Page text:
NIH Goes Lean with Steve Blank

Guest: Steve Blank, Author, Entrepreneur, Educator

Bio and Contact Info

Chapters: (Advance the marker)


0:59 What are you up to with the NIH?

4:39 The scientific method for entrepreneurship

8:14 Do scientists resist learning about business?

10:50 "I’m from the U.S. Government, and we need your help!"

17:55 Have you had to adapt your approach for the life sciences?

23:33 What is good for investor returns is not necessarily good for the country

27:33 You were supposed to be retired. What happened?

Steve Blank is a serial entrepreneur who has been teaching his trade at Stanford for some years now. We’ve had some of his student entrepreneurs as guests at Mendelspod.

Steve comes from the world of high tech and always told his students that his approach, dubbed the Lean LaunchPad, doesn’t apply to the life sciences. Until last year.

In a course at UCSF that began in October of 2013, Steve began adapting his ideas for startups in the areas of therapeutics, devices, and diagnostics.

After the class was over, Steve says in today’s interview, he got a call that went, “Hi, you don’t know me. I’m from the US Government, and we need your help.”

Steve is an avid blogger, and customarily puts out summaries of his teaching experiences. It turns out some folks at the National Science Foundation were reading all of his blogs about the UCSF class. They persuaded Steve to bring the class to government and see if he couldn’t help grant recipients have better results in business.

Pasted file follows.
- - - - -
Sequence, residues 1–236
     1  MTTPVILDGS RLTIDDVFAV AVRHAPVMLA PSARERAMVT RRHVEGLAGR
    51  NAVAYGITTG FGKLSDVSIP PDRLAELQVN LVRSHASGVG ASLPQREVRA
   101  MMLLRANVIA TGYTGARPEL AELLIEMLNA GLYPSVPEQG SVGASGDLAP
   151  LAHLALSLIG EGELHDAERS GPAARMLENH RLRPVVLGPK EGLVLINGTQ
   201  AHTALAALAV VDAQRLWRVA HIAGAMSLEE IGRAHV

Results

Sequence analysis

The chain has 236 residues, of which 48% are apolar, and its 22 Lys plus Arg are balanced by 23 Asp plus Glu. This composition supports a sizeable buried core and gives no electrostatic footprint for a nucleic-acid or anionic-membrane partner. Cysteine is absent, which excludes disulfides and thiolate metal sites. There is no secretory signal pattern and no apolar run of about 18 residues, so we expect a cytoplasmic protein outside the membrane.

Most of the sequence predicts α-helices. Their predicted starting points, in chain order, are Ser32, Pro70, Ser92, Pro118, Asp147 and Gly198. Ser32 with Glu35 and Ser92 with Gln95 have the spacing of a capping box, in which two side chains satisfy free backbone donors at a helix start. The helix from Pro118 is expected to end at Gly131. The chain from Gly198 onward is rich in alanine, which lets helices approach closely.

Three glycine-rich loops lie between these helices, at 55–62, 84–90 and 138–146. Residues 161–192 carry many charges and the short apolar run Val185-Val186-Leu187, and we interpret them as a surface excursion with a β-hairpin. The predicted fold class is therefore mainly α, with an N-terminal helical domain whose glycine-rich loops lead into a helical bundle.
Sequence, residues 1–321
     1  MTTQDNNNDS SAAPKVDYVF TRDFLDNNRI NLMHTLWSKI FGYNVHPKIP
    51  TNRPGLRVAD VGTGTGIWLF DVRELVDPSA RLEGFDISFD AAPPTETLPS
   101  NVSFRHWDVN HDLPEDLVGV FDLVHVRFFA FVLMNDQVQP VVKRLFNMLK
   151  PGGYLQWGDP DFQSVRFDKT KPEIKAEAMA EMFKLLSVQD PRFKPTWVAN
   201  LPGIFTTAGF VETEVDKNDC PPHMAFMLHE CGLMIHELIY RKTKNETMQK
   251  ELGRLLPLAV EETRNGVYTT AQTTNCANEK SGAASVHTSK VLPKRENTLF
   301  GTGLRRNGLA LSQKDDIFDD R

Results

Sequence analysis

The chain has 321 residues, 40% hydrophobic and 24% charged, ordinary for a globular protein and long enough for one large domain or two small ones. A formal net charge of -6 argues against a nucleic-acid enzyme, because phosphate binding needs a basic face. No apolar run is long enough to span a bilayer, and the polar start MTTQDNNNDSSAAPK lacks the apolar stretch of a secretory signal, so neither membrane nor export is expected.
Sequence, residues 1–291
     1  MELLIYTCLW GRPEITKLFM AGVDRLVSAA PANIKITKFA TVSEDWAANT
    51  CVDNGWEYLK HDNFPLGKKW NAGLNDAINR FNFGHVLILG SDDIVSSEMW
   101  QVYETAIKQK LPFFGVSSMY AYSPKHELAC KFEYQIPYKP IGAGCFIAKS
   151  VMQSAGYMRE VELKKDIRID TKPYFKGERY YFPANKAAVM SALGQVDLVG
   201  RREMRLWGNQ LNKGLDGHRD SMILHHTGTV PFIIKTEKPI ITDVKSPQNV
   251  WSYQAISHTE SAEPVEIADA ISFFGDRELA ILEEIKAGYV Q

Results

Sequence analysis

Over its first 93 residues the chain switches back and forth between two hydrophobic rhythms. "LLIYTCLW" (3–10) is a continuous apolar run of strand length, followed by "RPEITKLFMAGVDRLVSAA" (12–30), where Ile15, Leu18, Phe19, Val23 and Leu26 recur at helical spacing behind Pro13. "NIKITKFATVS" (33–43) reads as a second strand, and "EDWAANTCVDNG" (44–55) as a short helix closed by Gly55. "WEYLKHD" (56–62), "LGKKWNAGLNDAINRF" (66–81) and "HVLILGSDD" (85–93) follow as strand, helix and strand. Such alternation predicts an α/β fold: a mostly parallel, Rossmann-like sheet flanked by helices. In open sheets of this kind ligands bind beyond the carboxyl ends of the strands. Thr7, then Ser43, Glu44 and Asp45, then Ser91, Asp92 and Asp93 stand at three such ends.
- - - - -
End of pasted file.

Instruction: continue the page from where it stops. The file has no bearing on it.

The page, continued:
Steve laments that we’ve had no formal mechanism for teaching scientists how to turn research into commercial products.

"Essentially, in giving out these SBIR and STTR grants, we were giving out cars without requiring drivers’ ed. And we are surprised that the cars keep crashing!” he says.

Now, the NIH wants in on the training. This fall Steve will begin a pilot program called I-Corps, or Innovation Corps Team Training Program, to aid in the commercialization of new products and services from SBIR and STTR award projects.

How has Steve adapted his training program for the life sciences? And what resistance is he encountering from scientists? And hey, wait a minute, isn’t Steve supposed to be retired after selling off his eighth and last company for $329M—what happened?

Filmed at his ranch in Pescadero, California, today’s interview catches Steve relaxed and eager to share what he’s learned over the years.

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